- “Prisoners” became subdued and submissive, even turning against fellow prisoners who resisted the guards’ abuse.
Even Zimbardo himself was surprised by how extreme some of the situations became.
At its inception, the study was expected to last for two weeks. But some participants were so upset that they quit early and, after only six days, the entire experiment had to be shut down because of the excessive emotional trauma being manifested.
Decades later, during the Iraq War, when the abuse of prisoners by American personnel at Abu Ghraib prison came to light, many recognized the relevance of Zimbardo’s research to the case. So did Zimbardo himself. In fact, so much so that he became an expert witness for the defense of one of the accused Americans, Army Reserve Staff Sgt. Chip Frederick. In that role, he attempted to show that Frederick and some of the other perpetrators were not inherently evil people, but that, just as in the Stanford prison experiment, the systemic and situational forces involved played a significant role in generating the horrific activities that took place.
Zimbardo discusses the lessons of the Stanford prison experiment and his experience with the Abu Ghraib trials in his book, The Lucifer Effect: Understanding How Good People Turn Evil. The book uses the story of Lucifer, God’s favorite angel who fell and was transformed into Satan, as an allegory about how good people can, in certain situations or if intoxicated with power, become corrupted.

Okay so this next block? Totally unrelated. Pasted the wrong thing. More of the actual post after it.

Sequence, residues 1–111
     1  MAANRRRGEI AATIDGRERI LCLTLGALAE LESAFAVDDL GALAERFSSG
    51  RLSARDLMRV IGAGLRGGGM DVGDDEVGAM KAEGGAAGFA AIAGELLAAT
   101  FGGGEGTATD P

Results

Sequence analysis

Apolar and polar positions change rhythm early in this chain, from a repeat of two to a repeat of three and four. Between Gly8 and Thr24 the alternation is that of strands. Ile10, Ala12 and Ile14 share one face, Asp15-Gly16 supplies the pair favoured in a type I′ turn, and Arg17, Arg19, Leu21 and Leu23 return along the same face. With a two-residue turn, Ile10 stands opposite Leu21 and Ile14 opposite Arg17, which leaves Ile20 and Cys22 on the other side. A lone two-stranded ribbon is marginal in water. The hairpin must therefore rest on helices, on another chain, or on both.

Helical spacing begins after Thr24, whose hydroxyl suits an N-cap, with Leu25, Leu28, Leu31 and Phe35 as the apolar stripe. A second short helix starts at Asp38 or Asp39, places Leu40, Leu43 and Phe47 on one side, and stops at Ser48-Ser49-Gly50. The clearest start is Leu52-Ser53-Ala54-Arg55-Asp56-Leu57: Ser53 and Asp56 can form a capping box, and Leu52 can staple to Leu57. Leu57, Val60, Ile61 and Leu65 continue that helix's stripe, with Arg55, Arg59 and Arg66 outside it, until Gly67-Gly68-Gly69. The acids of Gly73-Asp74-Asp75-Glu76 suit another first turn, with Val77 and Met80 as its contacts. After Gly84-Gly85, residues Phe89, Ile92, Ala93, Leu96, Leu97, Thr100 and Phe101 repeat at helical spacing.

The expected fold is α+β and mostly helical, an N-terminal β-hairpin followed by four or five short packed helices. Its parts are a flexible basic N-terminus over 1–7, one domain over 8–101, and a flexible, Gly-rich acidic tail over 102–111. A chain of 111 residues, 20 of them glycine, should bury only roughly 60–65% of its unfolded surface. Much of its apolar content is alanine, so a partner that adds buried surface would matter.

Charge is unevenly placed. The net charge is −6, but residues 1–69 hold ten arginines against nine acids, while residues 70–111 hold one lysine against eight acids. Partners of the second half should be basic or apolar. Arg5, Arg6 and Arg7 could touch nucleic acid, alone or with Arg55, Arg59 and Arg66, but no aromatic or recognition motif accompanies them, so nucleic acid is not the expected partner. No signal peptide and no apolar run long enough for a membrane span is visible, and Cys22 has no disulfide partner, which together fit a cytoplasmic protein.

Zimbardo’s work is somewhat controversial. Some have criticized his methodology, while others have conducted similar studies using different methodologies and come to different conclusions. But Zimbardo himself is a strong advocate for the need to take into account systemic and situational factors when analyzing why harmful activities occur.
Now, the reason that all of this came up at this time is that, as mentioned earlier, Zimbardo was just featured by The Huffington Post.
The page, posted last Friday, features his 2008 TED talk entitled “The psychology of evil”, seen below:
The talk’s relevance to ponerology is immediately evident, as it begins with Zimbardo telling the audience:
“Philosophers, dramatists, theologians have grappled with this question for centuries: what makes people go wrong?”
while standing in front of an image of an ominous looking face superimposed with the words “Evil: What Makes People Go Wrong?”
In the talk, he discusses:
- How his early life experiences taught him that the line between a “good” and an “evil” person is not as fixed as some would like to believe
- His view that the world will always be filled with a yin/yang mixture of good and evil
- The paradox of the fact that, mythologically, God created Hell as a place to store evil, including His once favorite angel, Lucifer
- His definition of “evil”
- His experience working as an expert witness for the defense of Abu Ghraib perpetrator Staff Sgt. Chip Frederick
- The individual (dispositional) vs. situational vs. systemic factors involved in the abuses of Abu Ghraib